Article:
Now for the good news - not all conflict is bad. There are four outcomes to conflict: lose-lose, win-lose, lose-win and win-win. With lose-lose, the issue remains unresolved, everyone is mad and you end up with negative conflict. With win-lose or lose-win, one person takes all the marbles and goes home victorious while the other person goes home with nothing but resentment. Let’s just say I have very few marbles to my name. However, when both parties address the issue at hand in a manner that is not only respectful to hearing the opinion of the other party and where the dispute in managed in a way that both parties are working towards a common goal, nine times out of ten the final outcome is win-win. But that takes patience, understanding and respect towards the desired end result of the other person and a willingness to give a little to find that common ground.
Steps to resolving conflict
We now know what conflict is and hopefully you’ve taken a minute and thought about how you could have done things different. I know I did. There are five basic steps that you can follow in resolving conflict that will hopefully result in more win-win situations. And save you some heartache along the way. And we aren’t talking anything difficult here, peepers. Just some basic common sense.
Step 1 - Find a neutral location to hash it out
There has to be some sort of safe place or common area to talk. Not necessarily their space, not your space but somewhere that is as neutral as possible. The areas of the home or the office that we consider ‘ours’ may make others feel intimidated. And that’s not a great way to start a conversation - with one party feeling safe and the other party feeling intimidated. A conference room, outside, the kitchen table - find a neutral location before conversation starts.
Step 2 - Articulate your position
Everyone gets the opportunity to voice their position, articulate their perception of the conflict. You’d be amazed at how difficult of a task that is to get down to the root of the problem because often times we lose that in the midst of all the other garbage surrounding it. Clear out the clutter, don’t focus on issues that are unrelated and get to the heart of what the conflict is. Keep emotion out of it as best you can because leading with your emotion simply leads to slamming doors and raised voices and that doesn’t work. Trust me. I know this all to well.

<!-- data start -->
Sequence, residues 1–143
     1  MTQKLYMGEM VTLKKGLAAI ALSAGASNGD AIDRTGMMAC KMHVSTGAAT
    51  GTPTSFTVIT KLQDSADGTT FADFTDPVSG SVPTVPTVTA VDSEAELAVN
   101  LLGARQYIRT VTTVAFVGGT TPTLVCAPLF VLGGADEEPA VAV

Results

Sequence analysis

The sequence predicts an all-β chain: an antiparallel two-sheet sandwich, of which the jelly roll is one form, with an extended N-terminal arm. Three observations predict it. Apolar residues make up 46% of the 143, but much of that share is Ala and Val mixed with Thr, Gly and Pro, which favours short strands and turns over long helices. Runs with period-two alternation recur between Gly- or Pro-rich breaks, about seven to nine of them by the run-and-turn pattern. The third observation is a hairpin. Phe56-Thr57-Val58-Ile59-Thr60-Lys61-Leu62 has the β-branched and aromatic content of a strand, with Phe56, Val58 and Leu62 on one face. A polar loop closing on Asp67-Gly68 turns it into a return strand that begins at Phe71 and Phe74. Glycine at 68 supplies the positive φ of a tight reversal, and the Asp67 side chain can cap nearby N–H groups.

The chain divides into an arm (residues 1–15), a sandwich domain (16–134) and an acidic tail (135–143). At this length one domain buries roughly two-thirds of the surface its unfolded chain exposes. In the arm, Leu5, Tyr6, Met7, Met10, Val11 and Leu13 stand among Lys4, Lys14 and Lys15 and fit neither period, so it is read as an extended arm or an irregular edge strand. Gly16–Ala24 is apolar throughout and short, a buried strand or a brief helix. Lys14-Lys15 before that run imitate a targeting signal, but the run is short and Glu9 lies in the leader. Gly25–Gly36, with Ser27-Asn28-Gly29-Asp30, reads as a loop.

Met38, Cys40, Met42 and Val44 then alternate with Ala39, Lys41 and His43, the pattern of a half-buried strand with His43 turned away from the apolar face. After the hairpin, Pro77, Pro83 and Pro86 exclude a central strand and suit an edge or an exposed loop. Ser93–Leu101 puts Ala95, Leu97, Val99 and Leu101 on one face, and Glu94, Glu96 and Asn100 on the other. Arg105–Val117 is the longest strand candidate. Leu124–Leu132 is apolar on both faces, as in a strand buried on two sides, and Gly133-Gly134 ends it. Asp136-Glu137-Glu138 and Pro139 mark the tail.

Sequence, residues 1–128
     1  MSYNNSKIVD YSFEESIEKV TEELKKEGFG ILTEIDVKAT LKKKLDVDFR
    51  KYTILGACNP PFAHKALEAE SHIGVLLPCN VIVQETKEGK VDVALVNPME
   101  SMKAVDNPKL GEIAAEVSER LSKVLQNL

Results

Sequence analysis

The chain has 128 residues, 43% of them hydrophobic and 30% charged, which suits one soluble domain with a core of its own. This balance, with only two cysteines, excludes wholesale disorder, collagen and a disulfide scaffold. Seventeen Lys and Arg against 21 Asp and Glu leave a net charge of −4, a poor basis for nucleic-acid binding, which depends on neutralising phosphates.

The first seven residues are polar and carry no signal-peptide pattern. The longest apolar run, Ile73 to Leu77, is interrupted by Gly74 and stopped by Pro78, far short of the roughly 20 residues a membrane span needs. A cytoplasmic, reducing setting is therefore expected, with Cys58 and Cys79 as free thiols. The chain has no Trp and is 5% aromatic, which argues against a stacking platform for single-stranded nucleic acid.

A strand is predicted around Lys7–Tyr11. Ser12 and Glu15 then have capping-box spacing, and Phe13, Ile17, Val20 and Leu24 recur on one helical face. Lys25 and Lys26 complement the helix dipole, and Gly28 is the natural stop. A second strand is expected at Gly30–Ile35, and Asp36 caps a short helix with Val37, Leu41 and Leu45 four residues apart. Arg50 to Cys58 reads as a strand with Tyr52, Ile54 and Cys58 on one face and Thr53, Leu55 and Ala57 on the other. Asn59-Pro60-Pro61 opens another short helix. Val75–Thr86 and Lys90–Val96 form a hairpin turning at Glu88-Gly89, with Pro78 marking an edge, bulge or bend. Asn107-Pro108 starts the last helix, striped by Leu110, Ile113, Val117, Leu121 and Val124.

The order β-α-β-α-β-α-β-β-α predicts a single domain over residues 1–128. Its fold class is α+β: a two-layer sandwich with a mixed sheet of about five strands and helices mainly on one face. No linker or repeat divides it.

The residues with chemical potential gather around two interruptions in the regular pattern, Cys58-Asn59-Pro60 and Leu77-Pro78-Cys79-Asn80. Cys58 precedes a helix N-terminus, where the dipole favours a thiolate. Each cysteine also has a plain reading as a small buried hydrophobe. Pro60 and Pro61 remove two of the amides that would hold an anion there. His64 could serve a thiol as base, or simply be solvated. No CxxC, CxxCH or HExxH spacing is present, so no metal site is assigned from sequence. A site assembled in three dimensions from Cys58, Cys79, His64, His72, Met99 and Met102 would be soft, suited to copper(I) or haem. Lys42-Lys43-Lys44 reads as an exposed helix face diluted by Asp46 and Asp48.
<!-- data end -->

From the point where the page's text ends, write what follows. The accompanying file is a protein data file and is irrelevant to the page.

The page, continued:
Step 3 - Be as prepared to listen as you were to talk.
Yeah, I’m really NOT a good listener. And that’s a part of the problem. In order to get to a positive outcome, you need to be an empathetic listener. You need to make an attempt to HEAR what the other person is saying and empathize with their side. Understand where they are coming from and why they feel that way. You have to be willing to let go of your hold on why you’re so certain you are RIGHT and open up your ears to hearing and empathizing with why they feel the same way - certain that they are RIGHT.
Step 4 - Bring options to the table
To get to that ultimate win-win resolution, you need to come with some options. Some sort of idea of give and take. Remember, you’re trying to avoid win-win’s ugly stepsisters named lose-lose, win-lose, lose-win. Be willing to negotiate, compromise, be creative and make sure beforehand that the criteria for evaluating terms is understood by all. Let everyone present their solution and then begin to discuss from there.
Step 5 - Choose a resolution that works for all involved
In almost every case, there is a resolution that will work for all parties. Not 100% your way, not 100% their way but a mutual positive resolution to the conflict that everyone can live with. Again, it takes give and take on both sides, some willingness to let go of everything that you want and some finagling. But it can be done. And when both sides walk away being heard, trust me when I tell you that it makes future conflicts not quite so painful to endure.